4. Dean Eckles July 27, 2011 at 4:26 pm #

    Educated Americans becoming have become more opposed to adultery
    Americans opposed to adultery have become more educated.

    Maybe both, but you don’t mention the latter, which likely explains why the trend in the college-educated subgroup is more striking.

  5. C.S. July 27, 2011 at 5:23 pm #

    “Back in the 50′s, it was hard to have sex before mar[r]iage. “

    Guess it’s time to re-evaluate all those Raymond Chandler novels I thought were so realistic.

    . . . and James M. Cain novels . . . and Patricia Highsmith . . . and Jim Thompson . . . and Graham Greene . . . and Norman Mailer . . . and Terry Southern . . . and Kerouac . . . and . . .

  6. hapa July 27, 2011 at 5:51 pm #

    hey look over there. asian americans have very strong beliefs about marriage.

  7. Manoel Galdino July 27, 2011 at 8:01 pm #

    C.S., I’m not american and don’t live in US. I just thought that in the 50’s it was more like Brazil. But I don’t have any hard evidence on this.

  8. Rob in CT July 28, 2011 at 9:57 am #

    I think “don’t cheat, get a divorce” is a reasonable explanation. It’s what I think, so it makes sense to me. That doesn’t make it the answer, but it seems plausible.

  9. Doug Spencer July 28, 2011 at 11:32 pm #

    It might be the case that we would *expect* the attitudes toward premarital sex and extramarital sex to have an inverse relationship. The more we tolerate sexual activity before marriage, and people “getting it out of their system,” perhaps the less tolerant we become once one makes a commitment to be monogamous.

    And I second Prof. Gelman – great figures.

  10. Lee July 29, 2011 at 9:21 am #

    I think a lot of society’s moral beliefs don’t make sense. As the article notes, about 7 in 10 Americans consider divorce morally acceptable now. On the other hand, since 2001, the percentage calling adultery “morally acceptable” has never risen above 9% (according to Gallup’s “Values and Beliefs” surveys). In many ways, this is a strange belief system when you think about it. What if a happily married man gets an extremely tempting, no strings attached proposition from an ultra hot woman (say, Alyssa Milano). According to the way most Americans think, it would be immoral for him to have sex with her even once while staying married to his wife, even if he practiced safe sex and there was little to no chance of his wife finding out. But it would be moral for him to throw away a happy marriage and divorce his wife (something guaranteed to cause her great pain) in order to accept the proposition from Milano. Does this make any sense?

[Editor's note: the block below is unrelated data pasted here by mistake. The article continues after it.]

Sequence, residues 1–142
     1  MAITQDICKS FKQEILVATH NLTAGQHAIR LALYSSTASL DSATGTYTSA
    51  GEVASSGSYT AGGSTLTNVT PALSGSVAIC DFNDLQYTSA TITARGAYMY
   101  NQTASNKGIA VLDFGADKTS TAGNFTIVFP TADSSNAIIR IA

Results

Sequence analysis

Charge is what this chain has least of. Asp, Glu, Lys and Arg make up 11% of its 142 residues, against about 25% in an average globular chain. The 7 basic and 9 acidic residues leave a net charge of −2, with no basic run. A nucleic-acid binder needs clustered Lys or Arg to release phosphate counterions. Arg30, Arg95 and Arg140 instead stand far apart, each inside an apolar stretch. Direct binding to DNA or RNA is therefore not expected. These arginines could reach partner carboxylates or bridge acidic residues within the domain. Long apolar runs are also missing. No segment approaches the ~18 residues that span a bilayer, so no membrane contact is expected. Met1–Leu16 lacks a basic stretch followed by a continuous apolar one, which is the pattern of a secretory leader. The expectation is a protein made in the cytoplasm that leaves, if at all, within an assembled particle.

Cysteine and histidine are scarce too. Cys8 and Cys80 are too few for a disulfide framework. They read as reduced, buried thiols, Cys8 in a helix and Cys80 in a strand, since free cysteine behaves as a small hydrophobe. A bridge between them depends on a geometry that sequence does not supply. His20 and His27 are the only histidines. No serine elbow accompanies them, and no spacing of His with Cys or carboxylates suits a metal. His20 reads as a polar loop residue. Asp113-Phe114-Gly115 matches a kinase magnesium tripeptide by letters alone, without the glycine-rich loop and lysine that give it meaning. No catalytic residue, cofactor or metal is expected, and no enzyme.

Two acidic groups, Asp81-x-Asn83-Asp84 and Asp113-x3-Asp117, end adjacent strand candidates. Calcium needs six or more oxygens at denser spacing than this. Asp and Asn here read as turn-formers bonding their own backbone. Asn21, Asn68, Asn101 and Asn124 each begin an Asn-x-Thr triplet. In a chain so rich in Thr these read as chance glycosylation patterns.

I’m not convinced the growing acceptance of divorce is responsible for the increased intolerance of adultery. I was recently one of 65 people who voted on the moral acceptability of all the issues listed in the latest Gallup Values and Beliefs poll (2011) on an Internet forum. While a larger percentage of us voted divorce as morally acceptable than did Americans in the Gallup poll (74% versus 69%), the difference regarding adultery was even greater–22% of us said adultery was morally acceptable, compared to 7% of Americans as a whole (I voted both divorce and adultery as being morally acceptable).

    Personally, I think holding someone to a promise not to have sex with other people is very contrary to the idea of personal freedom. People break promises and agreements all the time without it being considered immoral–why should they be held to one which limits them in one of the most personal, intimate areas possible?

  11. Modaca July 29, 2011 at 11:20 am #

    What about AIDS? Extramarital sex is terribly unfair when you might be sentencing your marital partner to death.

  12. Lee July 29, 2011 at 11:43 am #

    I think reasonable precautions can be taken about AIDS and other STDs, particularly with condoms and also with being careful about who one sleeps with.

  13. Celine July 29, 2011 at 2:15 pm #

    I think there’s a much simpler explanation for the “adultery gap” — hypocrisy. When you combine this study with the results of other studies showing that 50% or more of married men, and 20% or more of married women, have cheated on their spouses at least once, it’s pretty clear that this is an example of “do as I say, not as I do”.

  14. Lee July 29, 2011 at 3:03 pm #

    Another thing that’s interesting is that attitudes seem to have little influence on actual behavior where sex is concerned. As I said before, the percentage of Americans who say adultery is “morally acceptable” has consistently remained below 10 percent. Yet when the French were asked about it in a 2009 poll, 46% said it was morally acceptable. In spite of this attitudinal difference, studies have suggested that the actual rate of infidelity in the U.S. is very similar to that in France. The level of acceptance of adultery is different, but the behavior isn’t.